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It’s 2014 and wireless charging still isn’t mainstream, what’s holding it back?
Battery life is still a big weakness for our increasingly powerful and impressive smartphones. The need to plug in and recharge at regular intervals challenges their “mobile” status. It’s a pain having to take chargers and cables with you. It’s limiting to have to sit next to a power socket. How often have you inwardly cursed as you fiddled with that micro-USB plug?
You know what’s missing in every vision of the future? Wires.
Wires are ugly, they get tangled, and they end up dictating where we can have things. No one really likes them, so why can’t we just get rid of them once and for all?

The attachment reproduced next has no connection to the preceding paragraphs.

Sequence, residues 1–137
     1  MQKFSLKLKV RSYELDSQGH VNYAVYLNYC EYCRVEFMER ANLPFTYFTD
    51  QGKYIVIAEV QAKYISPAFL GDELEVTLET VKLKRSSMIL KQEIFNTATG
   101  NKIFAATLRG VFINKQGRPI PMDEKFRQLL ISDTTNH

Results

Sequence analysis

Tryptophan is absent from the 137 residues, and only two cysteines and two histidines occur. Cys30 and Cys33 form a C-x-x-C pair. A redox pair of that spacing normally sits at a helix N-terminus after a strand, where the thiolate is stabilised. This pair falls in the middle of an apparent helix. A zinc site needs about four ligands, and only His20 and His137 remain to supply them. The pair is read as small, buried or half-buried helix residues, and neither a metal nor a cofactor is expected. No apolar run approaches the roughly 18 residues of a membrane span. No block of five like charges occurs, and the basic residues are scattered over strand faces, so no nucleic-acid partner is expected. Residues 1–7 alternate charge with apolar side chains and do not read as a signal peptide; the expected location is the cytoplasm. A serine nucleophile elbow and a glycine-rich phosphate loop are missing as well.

The science is there
Electric toothbrushes have been wirelessly recharging since the 90’s. There’s nothing special about the technology and it’s been around for a lot longer than that. Inductive charging uses an electromagnetic field and tends to employ two induction coils, one in the device and one in the charging dock. Unfortunately they have to be very close together for this to work.
Thankfully some clever people worked out that resonance can be employed to transfer power over short distances of around a meter or so. The idea is that the charger and device are effectively tuned to the same frequency and this would enable the phone in your pocket to start charging when in range without you having to do a thing. It could also pave the way for battery-free smoke detectors and wireless gadgets and appliances throughout the home, but it’s not ready for prime time just yet.